• Based on your experience with struggling students, what kind of help do you think would be best? A personal call from a counselor or other staff member to try to identify problems and barriers, and point to solutions? Invitation (requirement?) to participate in a webinar or in-person group session on study skills, time management, etc., led by a counselor? Invitation (requirement?) to use Smarthinking services and/or in-person tutoring? Something else?
  • We likely cannot restrict student enrollment in future courses, especially in these tough financial times. How else could we get students to participate in whatever we set up?


Laura said...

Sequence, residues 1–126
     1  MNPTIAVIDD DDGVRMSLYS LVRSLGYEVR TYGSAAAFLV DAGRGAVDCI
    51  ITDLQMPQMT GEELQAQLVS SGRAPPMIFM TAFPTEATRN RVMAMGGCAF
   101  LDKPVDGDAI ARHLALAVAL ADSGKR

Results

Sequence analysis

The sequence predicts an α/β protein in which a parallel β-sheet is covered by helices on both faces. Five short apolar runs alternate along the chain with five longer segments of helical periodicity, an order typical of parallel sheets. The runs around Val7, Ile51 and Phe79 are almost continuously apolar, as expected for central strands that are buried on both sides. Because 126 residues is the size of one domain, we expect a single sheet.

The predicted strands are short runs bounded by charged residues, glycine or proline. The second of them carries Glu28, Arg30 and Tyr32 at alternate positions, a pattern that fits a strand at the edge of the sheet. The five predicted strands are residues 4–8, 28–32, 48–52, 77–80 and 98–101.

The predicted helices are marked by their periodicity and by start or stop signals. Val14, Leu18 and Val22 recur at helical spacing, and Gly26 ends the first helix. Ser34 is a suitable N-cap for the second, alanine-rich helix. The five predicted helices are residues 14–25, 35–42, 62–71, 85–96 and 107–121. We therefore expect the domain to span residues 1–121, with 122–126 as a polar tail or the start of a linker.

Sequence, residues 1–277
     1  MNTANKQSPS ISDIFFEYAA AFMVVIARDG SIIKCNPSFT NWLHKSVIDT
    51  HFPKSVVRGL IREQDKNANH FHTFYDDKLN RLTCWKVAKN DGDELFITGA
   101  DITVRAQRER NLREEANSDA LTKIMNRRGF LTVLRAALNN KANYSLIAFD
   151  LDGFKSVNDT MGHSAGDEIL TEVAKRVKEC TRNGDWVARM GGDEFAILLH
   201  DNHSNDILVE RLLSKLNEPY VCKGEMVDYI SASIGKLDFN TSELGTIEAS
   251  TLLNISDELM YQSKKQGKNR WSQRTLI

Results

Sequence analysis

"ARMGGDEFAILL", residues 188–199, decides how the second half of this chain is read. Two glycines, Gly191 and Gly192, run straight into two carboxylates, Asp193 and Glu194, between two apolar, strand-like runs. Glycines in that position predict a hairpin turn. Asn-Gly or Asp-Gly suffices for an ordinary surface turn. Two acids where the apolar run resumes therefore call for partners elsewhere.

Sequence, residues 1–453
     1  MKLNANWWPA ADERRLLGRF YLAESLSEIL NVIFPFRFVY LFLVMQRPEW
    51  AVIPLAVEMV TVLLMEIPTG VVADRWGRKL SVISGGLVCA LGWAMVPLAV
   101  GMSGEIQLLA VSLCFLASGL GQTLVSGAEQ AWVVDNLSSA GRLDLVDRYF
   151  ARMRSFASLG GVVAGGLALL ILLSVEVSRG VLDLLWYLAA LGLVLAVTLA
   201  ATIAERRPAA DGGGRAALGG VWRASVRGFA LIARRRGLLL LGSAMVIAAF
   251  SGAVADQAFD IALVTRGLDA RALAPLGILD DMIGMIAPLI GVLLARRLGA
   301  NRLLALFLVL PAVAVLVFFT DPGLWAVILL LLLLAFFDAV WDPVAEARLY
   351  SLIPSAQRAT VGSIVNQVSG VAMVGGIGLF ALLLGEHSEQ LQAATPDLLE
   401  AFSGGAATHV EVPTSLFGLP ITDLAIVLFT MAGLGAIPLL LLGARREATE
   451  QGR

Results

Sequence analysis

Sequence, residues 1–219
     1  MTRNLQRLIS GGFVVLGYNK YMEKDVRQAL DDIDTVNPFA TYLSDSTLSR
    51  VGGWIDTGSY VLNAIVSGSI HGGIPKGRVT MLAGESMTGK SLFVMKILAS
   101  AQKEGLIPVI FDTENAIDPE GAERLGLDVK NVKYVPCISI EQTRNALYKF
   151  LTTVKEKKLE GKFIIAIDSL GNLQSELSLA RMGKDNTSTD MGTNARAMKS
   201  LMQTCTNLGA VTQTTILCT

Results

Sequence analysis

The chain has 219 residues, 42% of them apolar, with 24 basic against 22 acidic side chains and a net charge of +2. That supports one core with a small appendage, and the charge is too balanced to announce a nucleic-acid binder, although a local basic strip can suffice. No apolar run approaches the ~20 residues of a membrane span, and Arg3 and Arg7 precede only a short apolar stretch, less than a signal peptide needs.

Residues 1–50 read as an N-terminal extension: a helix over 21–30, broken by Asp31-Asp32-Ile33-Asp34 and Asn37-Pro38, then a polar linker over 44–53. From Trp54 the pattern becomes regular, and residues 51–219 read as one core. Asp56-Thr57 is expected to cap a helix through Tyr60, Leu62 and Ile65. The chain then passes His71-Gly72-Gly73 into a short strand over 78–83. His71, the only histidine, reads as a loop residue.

I think a format similar to the current attendance sign-in or week five withdraw point for non-starters could work for identifying students with potential success issues: faculty could check boxes on a form or merely collect and submit names as we currently do for the sign-in and withdraw process. LFCC has a form they ask faculty to fill out about 6 weeks into the semester identifying specific students and the kind of problems they are having: not doing the work, poor grades, missing classes (no precence in online discussions), etc.